After working up a sweat in the palaestra, bathers would make their way through the cold bath house and then into the tepidarium. The warm room was the place where bathers used curved metal tools – strigils – to scrape oil, sweat and dirt from their bodies instead of using soap.
This might have been done by your own slave, if you had one, or by one who worked at the baths. This could take the best part of an afternoon and could be combined with social gossip with friends and acquaintances and perhaps a little business. Archaeological finds tell us that board games and gaming were popular pastimes in Roman baths, so there was clearly no rush.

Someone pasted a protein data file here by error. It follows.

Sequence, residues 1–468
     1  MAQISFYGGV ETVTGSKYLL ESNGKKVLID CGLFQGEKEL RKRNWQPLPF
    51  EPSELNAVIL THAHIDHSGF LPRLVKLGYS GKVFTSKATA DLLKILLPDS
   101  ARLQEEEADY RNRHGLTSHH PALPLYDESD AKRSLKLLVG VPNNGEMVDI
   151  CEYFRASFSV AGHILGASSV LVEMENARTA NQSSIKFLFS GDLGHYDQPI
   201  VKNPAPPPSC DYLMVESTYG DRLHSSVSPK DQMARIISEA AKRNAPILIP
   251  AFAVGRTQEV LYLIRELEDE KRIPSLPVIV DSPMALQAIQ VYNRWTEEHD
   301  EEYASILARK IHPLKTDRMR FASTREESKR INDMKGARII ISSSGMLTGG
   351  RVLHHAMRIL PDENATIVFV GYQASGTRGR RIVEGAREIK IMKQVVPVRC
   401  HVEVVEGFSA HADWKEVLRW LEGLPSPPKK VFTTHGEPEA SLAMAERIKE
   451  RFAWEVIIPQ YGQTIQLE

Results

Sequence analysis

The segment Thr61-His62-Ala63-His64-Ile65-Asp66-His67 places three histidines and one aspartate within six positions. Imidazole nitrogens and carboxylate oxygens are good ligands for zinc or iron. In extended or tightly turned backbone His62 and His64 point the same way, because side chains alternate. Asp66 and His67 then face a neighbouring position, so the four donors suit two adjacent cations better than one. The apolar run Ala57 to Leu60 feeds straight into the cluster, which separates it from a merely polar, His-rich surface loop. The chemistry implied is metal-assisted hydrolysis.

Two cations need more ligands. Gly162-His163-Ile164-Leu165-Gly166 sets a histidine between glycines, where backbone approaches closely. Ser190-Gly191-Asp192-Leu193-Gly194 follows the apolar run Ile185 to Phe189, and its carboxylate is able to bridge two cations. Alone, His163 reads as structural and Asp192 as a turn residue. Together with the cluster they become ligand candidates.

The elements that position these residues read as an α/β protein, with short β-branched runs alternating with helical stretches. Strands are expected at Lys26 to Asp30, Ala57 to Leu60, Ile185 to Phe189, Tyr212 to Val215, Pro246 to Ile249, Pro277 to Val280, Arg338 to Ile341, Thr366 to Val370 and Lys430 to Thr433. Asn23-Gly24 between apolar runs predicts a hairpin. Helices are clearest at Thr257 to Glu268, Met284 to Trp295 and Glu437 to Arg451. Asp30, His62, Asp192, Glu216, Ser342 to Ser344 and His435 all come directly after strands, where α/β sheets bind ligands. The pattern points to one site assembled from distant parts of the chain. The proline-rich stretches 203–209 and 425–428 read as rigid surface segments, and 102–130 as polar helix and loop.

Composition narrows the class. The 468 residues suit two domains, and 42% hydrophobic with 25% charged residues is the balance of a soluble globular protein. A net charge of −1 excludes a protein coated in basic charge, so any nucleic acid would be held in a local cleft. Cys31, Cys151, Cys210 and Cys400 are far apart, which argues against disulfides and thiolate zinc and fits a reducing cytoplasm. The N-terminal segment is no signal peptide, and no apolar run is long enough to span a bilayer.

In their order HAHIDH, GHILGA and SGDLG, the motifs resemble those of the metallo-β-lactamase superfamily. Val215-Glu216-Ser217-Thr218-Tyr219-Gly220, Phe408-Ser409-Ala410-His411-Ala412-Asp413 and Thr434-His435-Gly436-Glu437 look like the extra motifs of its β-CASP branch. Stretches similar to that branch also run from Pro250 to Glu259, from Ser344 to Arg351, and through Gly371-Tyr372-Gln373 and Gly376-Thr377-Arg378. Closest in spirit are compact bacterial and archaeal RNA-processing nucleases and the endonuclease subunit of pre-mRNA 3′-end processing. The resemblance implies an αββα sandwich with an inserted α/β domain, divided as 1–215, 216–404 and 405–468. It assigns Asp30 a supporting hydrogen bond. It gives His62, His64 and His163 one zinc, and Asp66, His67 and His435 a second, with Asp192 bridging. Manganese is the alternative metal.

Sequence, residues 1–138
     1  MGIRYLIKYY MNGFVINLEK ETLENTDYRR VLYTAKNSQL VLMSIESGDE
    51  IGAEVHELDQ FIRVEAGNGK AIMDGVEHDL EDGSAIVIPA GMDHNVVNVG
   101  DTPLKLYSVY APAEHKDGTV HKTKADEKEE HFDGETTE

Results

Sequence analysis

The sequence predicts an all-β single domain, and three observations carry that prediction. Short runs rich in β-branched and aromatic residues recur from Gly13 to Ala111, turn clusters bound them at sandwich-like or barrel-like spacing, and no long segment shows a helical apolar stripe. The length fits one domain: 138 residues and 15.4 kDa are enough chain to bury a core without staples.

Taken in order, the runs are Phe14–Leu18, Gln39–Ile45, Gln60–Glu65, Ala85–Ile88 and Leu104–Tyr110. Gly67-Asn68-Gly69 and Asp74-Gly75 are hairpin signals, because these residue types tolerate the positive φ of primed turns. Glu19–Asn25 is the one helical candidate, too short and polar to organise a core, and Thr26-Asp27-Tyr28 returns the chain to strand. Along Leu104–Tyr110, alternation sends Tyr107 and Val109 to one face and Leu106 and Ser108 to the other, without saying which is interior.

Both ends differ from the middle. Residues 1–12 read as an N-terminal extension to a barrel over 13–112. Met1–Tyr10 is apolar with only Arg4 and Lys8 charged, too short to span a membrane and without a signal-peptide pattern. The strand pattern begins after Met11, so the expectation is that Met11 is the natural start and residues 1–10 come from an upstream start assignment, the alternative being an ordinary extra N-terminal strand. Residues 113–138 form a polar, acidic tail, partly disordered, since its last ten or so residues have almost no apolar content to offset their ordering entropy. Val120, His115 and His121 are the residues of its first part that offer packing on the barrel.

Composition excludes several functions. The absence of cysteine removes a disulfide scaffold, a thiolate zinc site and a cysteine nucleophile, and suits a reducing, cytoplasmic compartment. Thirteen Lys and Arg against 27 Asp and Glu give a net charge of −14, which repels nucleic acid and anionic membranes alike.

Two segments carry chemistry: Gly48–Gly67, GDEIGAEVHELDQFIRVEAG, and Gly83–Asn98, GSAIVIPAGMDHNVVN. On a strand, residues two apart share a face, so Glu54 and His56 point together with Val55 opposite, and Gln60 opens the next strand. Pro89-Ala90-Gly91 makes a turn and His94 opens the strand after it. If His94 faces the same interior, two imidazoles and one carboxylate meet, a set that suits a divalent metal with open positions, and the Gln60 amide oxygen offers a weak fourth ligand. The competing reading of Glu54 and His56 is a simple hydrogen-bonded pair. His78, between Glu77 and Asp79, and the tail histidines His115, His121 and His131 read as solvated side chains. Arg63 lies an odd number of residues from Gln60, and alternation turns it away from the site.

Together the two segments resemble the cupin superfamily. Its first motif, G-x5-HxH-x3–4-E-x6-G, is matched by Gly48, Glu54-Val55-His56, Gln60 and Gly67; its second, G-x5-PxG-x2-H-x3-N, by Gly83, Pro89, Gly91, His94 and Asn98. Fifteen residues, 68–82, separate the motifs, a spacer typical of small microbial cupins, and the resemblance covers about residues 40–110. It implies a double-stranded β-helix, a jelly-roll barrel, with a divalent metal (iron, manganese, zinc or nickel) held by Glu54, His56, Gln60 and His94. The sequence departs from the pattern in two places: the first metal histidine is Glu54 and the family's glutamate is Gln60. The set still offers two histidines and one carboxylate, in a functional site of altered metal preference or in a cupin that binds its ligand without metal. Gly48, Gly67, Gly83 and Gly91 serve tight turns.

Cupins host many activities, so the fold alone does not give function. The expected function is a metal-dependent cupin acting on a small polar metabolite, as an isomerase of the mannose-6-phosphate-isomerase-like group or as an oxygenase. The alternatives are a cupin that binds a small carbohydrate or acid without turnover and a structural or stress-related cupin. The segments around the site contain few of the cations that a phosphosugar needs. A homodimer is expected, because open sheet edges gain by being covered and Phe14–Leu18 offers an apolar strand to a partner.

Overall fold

You could receive a massage here. That was definitely less painful than a depilation, which consisted of having your body hairs plucked out, as hairless bodies were fashionable during much of the Roman Empire. One man who lived next to a baths complained of the “hair-plucker with his penetrating shrill voice—for purposes of advertisement—continually giving it vent and never holding his tongue except when he is plucking the armpits and making his victim yell.”
The often-gloomy Roman Emperor Marcus Aurelius could have been describing a tepidarium when he said: “What is bathing when you think about it—oil, sweat, filth, greasy water, everything loathsome.”